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A recent case awarding the largest punitive damages amount in Canadian employment law history should serve as a cautionary tale to employers who attempt to get out of their notice obligations, says Toronto employment lawyer Allison Greene.
The plaintiff in the case had worked at a B.C. sawmill for more than 30 years when he was fired without severance pay in 2009. He sued for wrongful dismissal, reportedly claiming a “bogus allegation of cause,” and that he was “terminated as an attempt to avoid paying severance to long-term employees.” The joint defendant companies argued they had just cause for dismissing the plaintiff.
Recently, a jury decided there was no cause for dismissal and awarded the plaintiff approximately $809,000 in damages following a three-week trial, including $236,000 in compensatory damages for wrongful dismissal and $573,000 in punitive damages as a result of the employer’s conduct.
Generally speaking, says Greene, a partner with Karimjee Greene LLP, it is unusual for punitive damages to be awarded in wrongful dismissal cases because the threshold is quite high.
“The employer’s actions must have been so malicious and outrageous that they are deserving of punishment on their own. The focus is on the employer’s conduct, rather than the plaintiff’s damages. I think we’ll see more employees pursuing punitive damages when they have been terminated in a particularly egregious manner,” she adds.
A just cause defence, she says, is an all-or-nothing proposition. If the employer succeeds in proving cause, it has no obligation to provide notice or pay in lieu of notice to the employee. In the case of long-term employees who have a significant entitlement, employers can be tempted to roll the dice where they think that cause for termination existed, she explains.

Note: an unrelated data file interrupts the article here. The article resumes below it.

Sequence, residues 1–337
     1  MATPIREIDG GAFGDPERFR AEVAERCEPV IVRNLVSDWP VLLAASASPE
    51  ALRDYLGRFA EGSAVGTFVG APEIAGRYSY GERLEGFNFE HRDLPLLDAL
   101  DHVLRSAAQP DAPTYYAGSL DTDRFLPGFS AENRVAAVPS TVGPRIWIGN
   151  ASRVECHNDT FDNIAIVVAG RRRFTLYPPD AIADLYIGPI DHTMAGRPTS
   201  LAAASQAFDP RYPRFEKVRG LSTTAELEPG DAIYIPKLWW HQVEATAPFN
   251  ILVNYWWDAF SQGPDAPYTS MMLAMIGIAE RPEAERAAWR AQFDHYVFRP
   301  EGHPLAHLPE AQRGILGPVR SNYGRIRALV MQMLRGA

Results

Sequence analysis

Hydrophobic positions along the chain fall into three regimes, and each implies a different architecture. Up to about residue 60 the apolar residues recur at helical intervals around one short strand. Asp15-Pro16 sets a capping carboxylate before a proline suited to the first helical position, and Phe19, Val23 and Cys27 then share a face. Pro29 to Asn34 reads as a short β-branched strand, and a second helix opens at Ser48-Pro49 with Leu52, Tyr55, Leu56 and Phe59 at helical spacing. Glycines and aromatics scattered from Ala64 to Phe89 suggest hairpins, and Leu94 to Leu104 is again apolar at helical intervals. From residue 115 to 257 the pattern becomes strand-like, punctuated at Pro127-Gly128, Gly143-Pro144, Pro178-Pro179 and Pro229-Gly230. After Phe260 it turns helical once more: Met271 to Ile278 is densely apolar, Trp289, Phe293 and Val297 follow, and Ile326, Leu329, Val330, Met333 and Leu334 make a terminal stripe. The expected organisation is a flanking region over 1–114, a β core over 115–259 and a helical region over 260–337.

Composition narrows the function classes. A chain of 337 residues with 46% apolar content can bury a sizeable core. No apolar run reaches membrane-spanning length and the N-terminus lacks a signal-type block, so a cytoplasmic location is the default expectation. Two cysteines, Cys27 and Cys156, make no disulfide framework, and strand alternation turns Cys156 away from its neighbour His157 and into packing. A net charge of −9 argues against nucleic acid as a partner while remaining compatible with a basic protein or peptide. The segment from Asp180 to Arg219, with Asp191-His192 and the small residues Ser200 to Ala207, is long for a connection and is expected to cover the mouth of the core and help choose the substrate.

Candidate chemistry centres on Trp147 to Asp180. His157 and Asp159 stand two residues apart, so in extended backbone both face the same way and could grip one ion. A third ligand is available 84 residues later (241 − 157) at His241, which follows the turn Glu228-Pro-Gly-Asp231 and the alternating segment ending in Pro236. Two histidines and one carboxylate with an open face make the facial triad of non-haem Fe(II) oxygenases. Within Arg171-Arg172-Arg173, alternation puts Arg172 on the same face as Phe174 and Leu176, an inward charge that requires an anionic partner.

“This case is a reminder that an employer who goes a step farther and drums up a specious cause allegation to avoid its obligations could end up paying far more than it would have had it simply provided the employee with reasonable notice,” Greene adds.
Greene says the purpose of punitive damages is to deter employers from engaging in reprehensible conduct.
“This case should serve as a cautionary tale to employers who attempt to get out of their notice obligations by either making the workplace so miserable that the employee quits or, failing that, by manufacturing cause allegations against the employee,” she explains.
Prior to this, says Greene the largest amount for punitive damages in an employment law case was awarded by the trial judge in Keays v. Honda Inc.
“That award of $500,000.00 was reduced to $100,000.00 by the Court of Appeal and wiped out altogether by the Supreme Court of Canada. It will be interesting to see if this award is upheld on appeal,” she adds.